On the Rocks at Fall Bay

I am familiar with the commonly occurring horizontal stripes of rocky shore zonation where organisms are distributed between the tide levels according to their tolerance of exposure to air – but I  wonder what influences the distribution and arrangement of different species of seashore creatures to result in the irregular patchwork pattern as found on the intertidal rocks at Fall Bay in Gower. The sloping flat surfaces of the limestone strata can be covered with a complete encrusting layer of mussels, limpets, and barnacles, organised by colour, shape, and size to make a patterned carpet.

The Barnacle Zone on Waterfront Structures

Barnacles and mussels above the waterline on a wooden pier piling.

Barnacles often settle higher on the shore than most other organisms. They are adapted to live part of their life, sometimes most of it, actually out of water – being able to get by on splashes of water that extend beyond the high-tide line.

The way that animals and plants are distributed across the shore is known as zonation. Zonation is generally accepted as meaning a vertical separation of different groups of organism, often into distinct bands of different colour when living on hard substrates, resulting from the tolerances of individual species to dessication, temperature, and wave action – otherwise termed ‘exposure’. The barnacles and mussels occupy the mid-shore level. Around the world, although the species differ, the same phenomenon is found, with zonation more clearly visible to the casual observer on steep exposed rocky shores.

An extreme example of this zonation can often be seen on the artificial structures of a waterfront harbour where wooden wharf-sides, timber pier pilings, and metal revetments substitute for rock surfaces on which organisms can settle. Many of these artificial substrates are vertical and therefore the zoning of the organisms may be exaggerated and clearer to see.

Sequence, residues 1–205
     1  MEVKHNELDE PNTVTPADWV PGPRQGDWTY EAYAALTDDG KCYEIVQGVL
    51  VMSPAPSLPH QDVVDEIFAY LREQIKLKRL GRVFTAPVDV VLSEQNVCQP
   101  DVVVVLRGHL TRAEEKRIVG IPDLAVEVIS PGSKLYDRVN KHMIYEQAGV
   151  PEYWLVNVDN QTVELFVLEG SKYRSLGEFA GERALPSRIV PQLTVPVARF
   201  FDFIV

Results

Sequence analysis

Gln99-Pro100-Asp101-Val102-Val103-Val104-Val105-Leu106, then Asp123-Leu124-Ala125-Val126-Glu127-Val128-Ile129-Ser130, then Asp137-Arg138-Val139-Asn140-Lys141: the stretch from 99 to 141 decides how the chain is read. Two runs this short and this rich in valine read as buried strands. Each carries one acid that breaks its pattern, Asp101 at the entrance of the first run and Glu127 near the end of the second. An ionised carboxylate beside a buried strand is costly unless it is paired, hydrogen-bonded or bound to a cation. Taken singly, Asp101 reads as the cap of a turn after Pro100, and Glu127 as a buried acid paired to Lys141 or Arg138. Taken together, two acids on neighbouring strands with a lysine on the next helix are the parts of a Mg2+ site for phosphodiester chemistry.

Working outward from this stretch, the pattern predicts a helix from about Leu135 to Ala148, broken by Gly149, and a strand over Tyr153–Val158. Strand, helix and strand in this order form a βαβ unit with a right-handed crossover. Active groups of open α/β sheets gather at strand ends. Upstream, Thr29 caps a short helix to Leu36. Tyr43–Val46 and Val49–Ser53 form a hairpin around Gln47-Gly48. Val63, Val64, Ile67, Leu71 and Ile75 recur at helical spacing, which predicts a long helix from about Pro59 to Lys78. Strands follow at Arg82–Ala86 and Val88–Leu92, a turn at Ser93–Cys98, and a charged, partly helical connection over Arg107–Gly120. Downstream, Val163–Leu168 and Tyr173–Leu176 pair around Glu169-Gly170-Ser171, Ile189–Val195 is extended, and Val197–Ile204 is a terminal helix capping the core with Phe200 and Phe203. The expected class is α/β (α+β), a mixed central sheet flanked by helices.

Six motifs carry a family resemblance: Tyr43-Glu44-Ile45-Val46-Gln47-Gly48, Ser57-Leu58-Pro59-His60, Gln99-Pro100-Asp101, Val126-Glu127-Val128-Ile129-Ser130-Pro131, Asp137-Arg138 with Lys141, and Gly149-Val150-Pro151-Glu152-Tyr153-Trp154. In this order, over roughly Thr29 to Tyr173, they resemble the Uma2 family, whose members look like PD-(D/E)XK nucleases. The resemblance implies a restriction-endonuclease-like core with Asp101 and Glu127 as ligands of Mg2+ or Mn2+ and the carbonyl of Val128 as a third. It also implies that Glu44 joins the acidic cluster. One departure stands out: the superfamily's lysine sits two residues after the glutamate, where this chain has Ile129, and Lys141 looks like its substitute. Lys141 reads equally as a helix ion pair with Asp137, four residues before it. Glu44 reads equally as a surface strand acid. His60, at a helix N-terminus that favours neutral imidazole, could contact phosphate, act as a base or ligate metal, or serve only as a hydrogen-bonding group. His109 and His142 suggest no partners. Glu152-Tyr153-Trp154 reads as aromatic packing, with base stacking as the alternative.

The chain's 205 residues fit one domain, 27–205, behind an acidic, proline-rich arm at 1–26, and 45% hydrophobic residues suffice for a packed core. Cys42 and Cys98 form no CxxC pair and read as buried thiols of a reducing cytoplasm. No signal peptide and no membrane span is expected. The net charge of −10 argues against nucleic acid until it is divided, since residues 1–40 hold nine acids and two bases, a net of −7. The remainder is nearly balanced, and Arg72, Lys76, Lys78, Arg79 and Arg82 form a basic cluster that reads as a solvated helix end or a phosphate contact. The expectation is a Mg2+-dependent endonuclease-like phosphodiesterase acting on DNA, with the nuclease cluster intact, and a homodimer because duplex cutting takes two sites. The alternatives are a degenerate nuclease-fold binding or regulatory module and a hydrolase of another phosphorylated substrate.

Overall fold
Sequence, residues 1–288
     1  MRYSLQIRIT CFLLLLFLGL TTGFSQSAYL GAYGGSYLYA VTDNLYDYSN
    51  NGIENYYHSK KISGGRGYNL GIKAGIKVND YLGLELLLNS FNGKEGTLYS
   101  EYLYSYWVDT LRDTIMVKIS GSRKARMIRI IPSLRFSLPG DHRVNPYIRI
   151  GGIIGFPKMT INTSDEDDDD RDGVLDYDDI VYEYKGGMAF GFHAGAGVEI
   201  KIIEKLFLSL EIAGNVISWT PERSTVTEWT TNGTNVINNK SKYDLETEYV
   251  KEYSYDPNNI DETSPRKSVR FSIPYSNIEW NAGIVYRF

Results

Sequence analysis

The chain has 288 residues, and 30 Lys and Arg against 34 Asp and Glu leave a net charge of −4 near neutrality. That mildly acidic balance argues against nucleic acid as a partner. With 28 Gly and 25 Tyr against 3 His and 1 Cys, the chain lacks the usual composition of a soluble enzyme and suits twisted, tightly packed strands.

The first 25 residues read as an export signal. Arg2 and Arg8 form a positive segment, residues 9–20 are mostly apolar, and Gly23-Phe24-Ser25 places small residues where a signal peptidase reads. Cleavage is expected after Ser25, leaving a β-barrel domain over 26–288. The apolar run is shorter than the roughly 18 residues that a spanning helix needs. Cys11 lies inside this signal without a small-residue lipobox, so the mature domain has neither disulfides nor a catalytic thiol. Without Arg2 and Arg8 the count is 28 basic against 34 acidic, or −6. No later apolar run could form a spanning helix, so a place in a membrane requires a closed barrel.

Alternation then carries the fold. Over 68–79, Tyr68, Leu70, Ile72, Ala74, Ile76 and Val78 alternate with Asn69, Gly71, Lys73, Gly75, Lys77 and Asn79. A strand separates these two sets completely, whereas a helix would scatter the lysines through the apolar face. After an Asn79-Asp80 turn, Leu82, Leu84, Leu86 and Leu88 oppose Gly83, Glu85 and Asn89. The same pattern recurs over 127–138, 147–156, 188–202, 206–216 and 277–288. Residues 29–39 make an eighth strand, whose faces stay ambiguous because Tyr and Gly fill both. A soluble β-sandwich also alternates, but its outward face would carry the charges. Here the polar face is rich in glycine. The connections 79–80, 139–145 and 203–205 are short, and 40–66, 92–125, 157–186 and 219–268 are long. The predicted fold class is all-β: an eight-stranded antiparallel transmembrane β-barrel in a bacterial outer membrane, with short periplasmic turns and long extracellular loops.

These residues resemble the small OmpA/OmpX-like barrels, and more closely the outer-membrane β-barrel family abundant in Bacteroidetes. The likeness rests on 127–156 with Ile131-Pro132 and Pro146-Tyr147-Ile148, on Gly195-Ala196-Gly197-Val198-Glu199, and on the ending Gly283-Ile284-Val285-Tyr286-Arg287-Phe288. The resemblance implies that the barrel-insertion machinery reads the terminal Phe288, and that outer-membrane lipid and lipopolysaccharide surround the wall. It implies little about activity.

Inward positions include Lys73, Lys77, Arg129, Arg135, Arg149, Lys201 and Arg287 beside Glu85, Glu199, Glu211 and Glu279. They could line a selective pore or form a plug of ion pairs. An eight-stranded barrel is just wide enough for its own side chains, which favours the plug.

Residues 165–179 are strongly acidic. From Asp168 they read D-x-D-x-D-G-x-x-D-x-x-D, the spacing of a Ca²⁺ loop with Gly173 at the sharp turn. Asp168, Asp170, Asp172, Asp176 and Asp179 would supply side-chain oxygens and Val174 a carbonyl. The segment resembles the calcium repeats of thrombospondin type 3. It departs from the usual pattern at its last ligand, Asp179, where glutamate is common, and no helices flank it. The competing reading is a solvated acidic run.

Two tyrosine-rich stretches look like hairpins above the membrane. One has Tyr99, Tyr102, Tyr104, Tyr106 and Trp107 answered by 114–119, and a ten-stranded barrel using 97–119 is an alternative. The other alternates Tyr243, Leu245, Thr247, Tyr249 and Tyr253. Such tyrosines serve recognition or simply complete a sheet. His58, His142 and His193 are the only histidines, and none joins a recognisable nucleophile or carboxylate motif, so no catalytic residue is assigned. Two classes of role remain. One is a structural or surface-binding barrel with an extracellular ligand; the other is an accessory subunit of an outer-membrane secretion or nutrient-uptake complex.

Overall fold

The pictures in this post show a pale band or stripe, made up almost entirely of cream-coloured sessile or acorn barnacles, naturally cemented onto harbour-side structures, sometimes wholly encircling them. A few common periwinkle gastropod molluscs move around the barnacles, feeding on the bio-film that accumulates on their shells.  Fronds of spiral wrack and sea lettuce type of seaweed, both also fairly tolerant of exposure out of water, are sometimes scattered over the barnacle zone. The barnacles have special adaptations that allow them to survive dehydration at low water but they are none-the-less vulnerable to predating dog whelks at all stages of the changing tides.

Below the barnacle zone, a darker, almost black band, is composed of edible mussels attached by byssus threads. Mussels are less tolerant to air exposure than the barnacles so they survive best lower down where they are not out of the water for so long. They are a sitting target, though, for starfish which use their tube feet to sucker onto these bivalves, forcing them to open, and then everting and inserting their starfish stomach into the mollusc so that they can feed upon the living contents.

All these photographs were taken on the waterfront in Halifax, Nova Scotia. Most of the piers and jetties are still traditionally made of timber because it is such an abundant commodity in Canada. There are generations of timber structures: new; old and decaying; and derelict examples. All of these show the barnacle banding. So do the more recently built rusting metal revetments to the edges of the renovated wharves in the more developed areas.

Interestingly, many modern high-rise buildings in that location have been constructed right on the water’s edge where they are supported by foundations of steel piles driven deep down into the very hard metamorphosed bed-rock. The pilings can be seen projecting below the buildings on the waterside elevations, disappearing into the harbour water. Each white-painted column displays at its base a lower ring of black mussels and a higher ring of paler barnacles – the structures themselves being reflected in the seawater with an odd abstract effect.


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Scenes at Blacks Harbour

Bay of Fundy shoreline with wide inter-tidal zone

The scenery around Blacks Harbour in New Brunswick, Canada, demonstrates the effects of the extreme tidal range and scour on the coastline. The shoreline as far as the eye can see is marked by a wide dark band immediately above the water line where the rocks are draped with olive brown seaweeds. Above this lower region of the inter-tidal zone is an upper drier inter-tidal band mostly comprised of bare bedrock. The rock is light in contrast to the wrack on the shore below, and appears pink in many places.  The rock belongs to the Late Devonian Perry Formation which is mostly a red and green conglomerate of angular fragments deposited in former fluvial environments – a rock type which it seems is easily eroded by wave action. Dense woodlands cloak the slopes above this lighter rock zone.